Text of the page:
Testing Errors Continue

K-12 Testing

Georgia is the first state financially penalized by the federal government for failing to comply with the Elementary and Secondary Education Act (ESEA). For two years, the state has been trying to develop and launch end-of-course testing it had promised to comply with the 1994 reauthorization of ESEA. But concerns about the tests’ alignment with the state curriculum and requirements of the latest version of ESEA, the No Child Left Behind act, led to postponement of testing.


The state had been working under a two-year federal waiver since the original deadline passed. Provisions of ESEA prevent further delays. In announcing a penalty of $783,000, or one-fourth of the state’s administrative funds, Education Secretary Rod Paige claimed, “By not administering these end-of-course assessments this school year, Georgia has violated the terms of its timeline waiver.”


State Superintendent Kathy Cox said Georgia contests the federal action, noting, “They do not need to interpret that timeline waiver as they are.”


Meanwhile, problems were found with Georgia’s Criterion-Referenced Competency Tests (CRCT). A printing error caused test questions not to line up with answer bubbles. Despite complaints, the state doesn’t anticipate invalidating the results. An independent auditor who reviewed the errors assured state officials that the tests could be scored accurately.


A separate error led to actual test items being posted on the internet along with practice exams. Tests for first, second, third, fifth and seventh grades were cancelled after many publicly disclosed practice questions reappeared on the actual exams.


Alaska officials are proposing scoring changes for the statewide Benchmark Exam eighth grade math test. In each of the four years the tests have been administered, students have scored lower on the eighth-grade test than they have on the sixth or tenth grade exams. “The eighth grade was out of whack, it was just out of sync with the other scores,” explained Department of Education spokesman Harry Gamble. The department is looking at lowering the cut-score for math and for writing but raising the cut score for reading, where eighth graders have scored higher than expected. With the change, 64 percent of students would have passed the math test in March rather then the 39 percent reported to have done so. A private testing company wrote the exam, but different committees of department officials determined the passing scores for each grade level. The committees did not communicate, so inconsistent standards were used across different grades.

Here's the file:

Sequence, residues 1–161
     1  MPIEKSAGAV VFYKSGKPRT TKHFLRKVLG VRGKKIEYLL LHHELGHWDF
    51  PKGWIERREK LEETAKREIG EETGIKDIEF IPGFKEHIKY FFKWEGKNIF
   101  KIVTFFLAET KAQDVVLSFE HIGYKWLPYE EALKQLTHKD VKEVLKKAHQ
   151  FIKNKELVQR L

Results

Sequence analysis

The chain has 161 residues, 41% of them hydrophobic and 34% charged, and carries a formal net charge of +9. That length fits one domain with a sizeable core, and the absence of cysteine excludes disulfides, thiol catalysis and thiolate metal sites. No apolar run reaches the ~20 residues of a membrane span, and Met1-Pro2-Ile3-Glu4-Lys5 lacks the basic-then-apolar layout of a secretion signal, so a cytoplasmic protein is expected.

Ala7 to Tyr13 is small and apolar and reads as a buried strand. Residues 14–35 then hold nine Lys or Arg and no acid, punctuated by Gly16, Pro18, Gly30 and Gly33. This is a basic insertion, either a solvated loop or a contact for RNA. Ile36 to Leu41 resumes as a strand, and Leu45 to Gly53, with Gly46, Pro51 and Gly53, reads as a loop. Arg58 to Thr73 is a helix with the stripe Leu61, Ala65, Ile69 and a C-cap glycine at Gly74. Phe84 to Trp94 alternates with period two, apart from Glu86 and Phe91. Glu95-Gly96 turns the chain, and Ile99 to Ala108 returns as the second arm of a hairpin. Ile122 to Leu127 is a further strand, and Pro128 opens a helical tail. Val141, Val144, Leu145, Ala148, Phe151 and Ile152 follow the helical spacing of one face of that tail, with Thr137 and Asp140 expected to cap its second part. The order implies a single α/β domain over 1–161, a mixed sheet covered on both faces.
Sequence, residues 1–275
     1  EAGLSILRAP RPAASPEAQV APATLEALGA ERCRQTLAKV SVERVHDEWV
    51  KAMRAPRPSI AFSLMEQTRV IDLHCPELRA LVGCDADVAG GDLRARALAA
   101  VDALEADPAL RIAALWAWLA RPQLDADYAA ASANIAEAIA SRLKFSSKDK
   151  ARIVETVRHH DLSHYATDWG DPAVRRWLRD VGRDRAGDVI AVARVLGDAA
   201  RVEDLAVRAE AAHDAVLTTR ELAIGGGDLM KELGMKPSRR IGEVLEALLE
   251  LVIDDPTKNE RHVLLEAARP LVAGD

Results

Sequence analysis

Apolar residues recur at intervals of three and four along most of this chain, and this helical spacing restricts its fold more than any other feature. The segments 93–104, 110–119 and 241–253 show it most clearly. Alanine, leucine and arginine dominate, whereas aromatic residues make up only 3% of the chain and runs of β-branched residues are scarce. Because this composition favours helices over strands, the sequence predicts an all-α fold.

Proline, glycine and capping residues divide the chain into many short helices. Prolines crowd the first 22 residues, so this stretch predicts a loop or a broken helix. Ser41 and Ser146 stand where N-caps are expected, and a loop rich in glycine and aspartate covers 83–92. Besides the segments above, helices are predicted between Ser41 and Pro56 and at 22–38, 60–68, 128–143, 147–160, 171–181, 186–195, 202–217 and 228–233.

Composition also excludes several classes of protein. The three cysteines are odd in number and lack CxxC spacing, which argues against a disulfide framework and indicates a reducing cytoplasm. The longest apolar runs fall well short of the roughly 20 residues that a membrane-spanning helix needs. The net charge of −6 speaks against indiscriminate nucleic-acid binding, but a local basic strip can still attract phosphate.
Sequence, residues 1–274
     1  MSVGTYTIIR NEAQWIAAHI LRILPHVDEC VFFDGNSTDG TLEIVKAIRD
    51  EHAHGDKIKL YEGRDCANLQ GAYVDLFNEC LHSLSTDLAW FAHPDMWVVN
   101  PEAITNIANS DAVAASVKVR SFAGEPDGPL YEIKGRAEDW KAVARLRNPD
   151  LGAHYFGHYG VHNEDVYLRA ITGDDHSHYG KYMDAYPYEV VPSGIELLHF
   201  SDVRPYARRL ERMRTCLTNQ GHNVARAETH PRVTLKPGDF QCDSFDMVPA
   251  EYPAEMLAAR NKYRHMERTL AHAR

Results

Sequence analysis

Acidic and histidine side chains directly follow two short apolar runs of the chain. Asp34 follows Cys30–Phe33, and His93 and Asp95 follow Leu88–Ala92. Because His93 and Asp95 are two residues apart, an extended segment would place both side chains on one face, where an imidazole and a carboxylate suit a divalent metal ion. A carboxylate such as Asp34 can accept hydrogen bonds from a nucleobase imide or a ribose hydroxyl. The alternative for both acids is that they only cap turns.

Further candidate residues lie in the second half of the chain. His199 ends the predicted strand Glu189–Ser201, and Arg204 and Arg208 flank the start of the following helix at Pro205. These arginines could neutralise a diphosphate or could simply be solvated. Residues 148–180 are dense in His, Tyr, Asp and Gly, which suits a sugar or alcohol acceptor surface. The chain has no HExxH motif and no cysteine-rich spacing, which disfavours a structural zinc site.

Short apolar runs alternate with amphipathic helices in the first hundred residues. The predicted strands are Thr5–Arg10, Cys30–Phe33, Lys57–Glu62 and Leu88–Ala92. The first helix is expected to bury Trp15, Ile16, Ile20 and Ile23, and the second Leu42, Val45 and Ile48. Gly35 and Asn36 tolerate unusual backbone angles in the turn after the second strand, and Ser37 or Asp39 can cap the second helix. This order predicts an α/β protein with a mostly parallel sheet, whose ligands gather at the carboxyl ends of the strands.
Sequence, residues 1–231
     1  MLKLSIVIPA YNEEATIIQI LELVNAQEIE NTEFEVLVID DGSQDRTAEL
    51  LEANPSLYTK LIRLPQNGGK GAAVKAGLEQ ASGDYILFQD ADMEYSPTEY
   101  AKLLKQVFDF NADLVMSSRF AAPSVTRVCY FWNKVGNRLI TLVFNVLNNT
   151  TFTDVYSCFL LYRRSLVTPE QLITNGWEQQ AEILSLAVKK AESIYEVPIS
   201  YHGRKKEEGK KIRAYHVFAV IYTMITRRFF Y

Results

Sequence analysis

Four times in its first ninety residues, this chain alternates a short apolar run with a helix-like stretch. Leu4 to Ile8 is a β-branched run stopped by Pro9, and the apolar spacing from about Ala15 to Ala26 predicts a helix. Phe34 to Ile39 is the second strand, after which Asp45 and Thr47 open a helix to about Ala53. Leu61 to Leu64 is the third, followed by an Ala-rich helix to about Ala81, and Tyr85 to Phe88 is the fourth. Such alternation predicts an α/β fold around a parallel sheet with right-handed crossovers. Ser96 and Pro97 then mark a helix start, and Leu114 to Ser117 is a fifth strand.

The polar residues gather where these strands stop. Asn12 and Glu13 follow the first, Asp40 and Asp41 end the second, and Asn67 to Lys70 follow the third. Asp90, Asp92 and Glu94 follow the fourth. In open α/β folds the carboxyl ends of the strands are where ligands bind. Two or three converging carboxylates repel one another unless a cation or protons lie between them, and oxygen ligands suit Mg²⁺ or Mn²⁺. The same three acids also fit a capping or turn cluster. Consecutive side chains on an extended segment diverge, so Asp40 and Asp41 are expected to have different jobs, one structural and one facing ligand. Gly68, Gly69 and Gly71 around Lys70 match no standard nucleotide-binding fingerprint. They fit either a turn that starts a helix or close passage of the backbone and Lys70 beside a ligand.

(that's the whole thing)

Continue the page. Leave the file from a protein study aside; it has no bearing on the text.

Arkansas legislative leaders are questioning why the state Department of Education extended its contract with a testing company that has repeatedly produced late scores and questionable results. Questar was due to deliver the results for last year’s test in early August. In late September, the company delivered results reporting only 4 percent of fourth-graders scored at proficient levels compared with 43 percent on the previous year’s exam. After re-tabulating scores at the state’s request, Questar found 65 percent of fourth graders were proficient.


Broward County School Board members are calling for an investigation into Florida Comprehensive Assessment Test (FCAT) scores at Sunderland Park Elementary School for 2001-02 after wild annual score swings were noted. Principal Shirley McCray was promoted to head a brand-new school following Sunderland’s strong FCAT scores. This year, with a new principal in place, Sunderland’s results plunged from 41 percent reading at grade level to 31 percent, and from 57 percent making reading gains to 38 percent. A newspaper investigation revealed a great disparity between FCAT results and results from a national norm-referenced exam administered within a few weeks. New principal Michael Reid claimed he noticed upon arriving that his students’ reading ability was closer to the lower national scores. District Superintendent Frank Till said that test tampering or a scoring error could be to blame, but an investigation would be too difficult.


School board member Stephanie Kraft asked, “How can the Superintendent let this go? We need to deal with this now and find out what happened.”


Meanwhile, Department of Education investigations are under way in two Miami-Dade schools. One school’s state ranking jumped to an “A” after four years at or below “D.” At another, an unlikely number of students posted very high scores following years of lower performance.